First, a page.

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Congressman George E. Brown, Jr.
February 11, 1980
Page 5

in the work force and that engineers are in short supply while scientists are

in surplus.

As an aside, NSF would be far more helpful to the Congress and the

Executive Branch if instead of lumping scientists and engineers together it

carefully distinguished between them in its reporting, its projections, and its

conclusions on supply, demand, and utilization.

Engineering is not science in a more fundamental sense than astronomy, chemistry,

physics, biology, etc. differ from each other.

A casual examination of each

undergraduate and graduate engineering curriculum shows this clearly.

The

education of engineers for a productive life in industry, government, or private

practice starts with mathematics and the sciences as a base in much of the fresh

man and sophomore years.

Then come what are called the engineering sciences which

build upon this base.

These disciplines carry labels such as mechanics of solids,

mechanics of fluids, therodynamics, electronics, electromagnetic fields, materials

science, operations research and bionics to name an assortment of areas underlying

chemical, civil, electrical, mechanical, industrial, and the other branches of

engineering. They are firmly within the science spectrum because they deal with

the understanding and codification of natural phenomena and natural laws, as do

the disciplines of science.

Engineering is the creation of objects or systems by man (in consonance with

nature if the engineering is good).

However, a suspension bridge or a synthetic

fuel plant or a production line or a computer or an aerospace system obviously

is not nature itself.

Therefore, the focus of the engineering sciences is on

those aspects of nature that are of value at the next level in the curriculum,

Congressman George E. Brown, Jr.
February 11, 1980
Page 6

the engineering subdisciplines of each of the disciplines of engineering (aero,

civil, electrical, ---) that underlie engineering practice but are still one

step removed from practice.

These fundamental areas of knowledge combine theory,

experiment, and the best possible distillation of practical experience into the

sets of fundamental concepts that provide the basis for modern engineering practice.

They carry a variety of titles such as principles of structural analysis and design,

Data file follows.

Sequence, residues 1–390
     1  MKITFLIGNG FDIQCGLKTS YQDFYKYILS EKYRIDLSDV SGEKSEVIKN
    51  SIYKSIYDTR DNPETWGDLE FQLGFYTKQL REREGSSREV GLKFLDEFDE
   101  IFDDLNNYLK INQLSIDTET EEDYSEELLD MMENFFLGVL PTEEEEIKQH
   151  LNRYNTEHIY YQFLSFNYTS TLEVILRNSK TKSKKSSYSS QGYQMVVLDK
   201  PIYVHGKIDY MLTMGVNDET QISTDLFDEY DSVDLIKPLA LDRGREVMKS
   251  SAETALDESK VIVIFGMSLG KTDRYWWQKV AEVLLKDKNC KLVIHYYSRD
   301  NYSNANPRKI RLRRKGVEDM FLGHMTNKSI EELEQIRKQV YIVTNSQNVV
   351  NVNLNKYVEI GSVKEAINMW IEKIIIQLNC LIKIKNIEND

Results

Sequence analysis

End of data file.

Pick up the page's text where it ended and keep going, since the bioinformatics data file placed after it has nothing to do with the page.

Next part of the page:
geomechanics, systems analysis and design, information systems, power system

stability, transportation systems, hydrology, principles of semiconductor devices,

tribology, vehicle dynamics, robotics, principles of design against natural

hazards (earthquake, wind, flood, fire), etc.

Fundamental research is required

over the entire scope of the continually expanding domains of the engineering

sciences and the subdisciplines of each engineering discipline to provide the

basis for innovative modern engineering in industry, government, and private

practice.

This advance of fundamental engineering knowledge through research

provides the seed corn for the engineering of the future, just as the advance of

basic science through research provides for the science of the future.

With

few, af any) exceptions, when engineers in practice do apply new discoveries of

basic science for the benefit of mankind they can do so only after a progressive

fundamental research development of concepts through an existing or newly developed

engineering science and then one or more of the subdisciplines of engineering.

Much of fundamental engineering research does not derive from basic scientific

advance but instead derives its impetus from problems in the man-made world that

cannot be solved with present knowledge.

Engineers in education also will, on occasion, contribute directly to engineering

Congressman George E. Brown, Jr.
February 11, 1980
Page 7

practice as well as providing knowledge through fundamental research and

providing the educational basis for the enormously greater number of engineers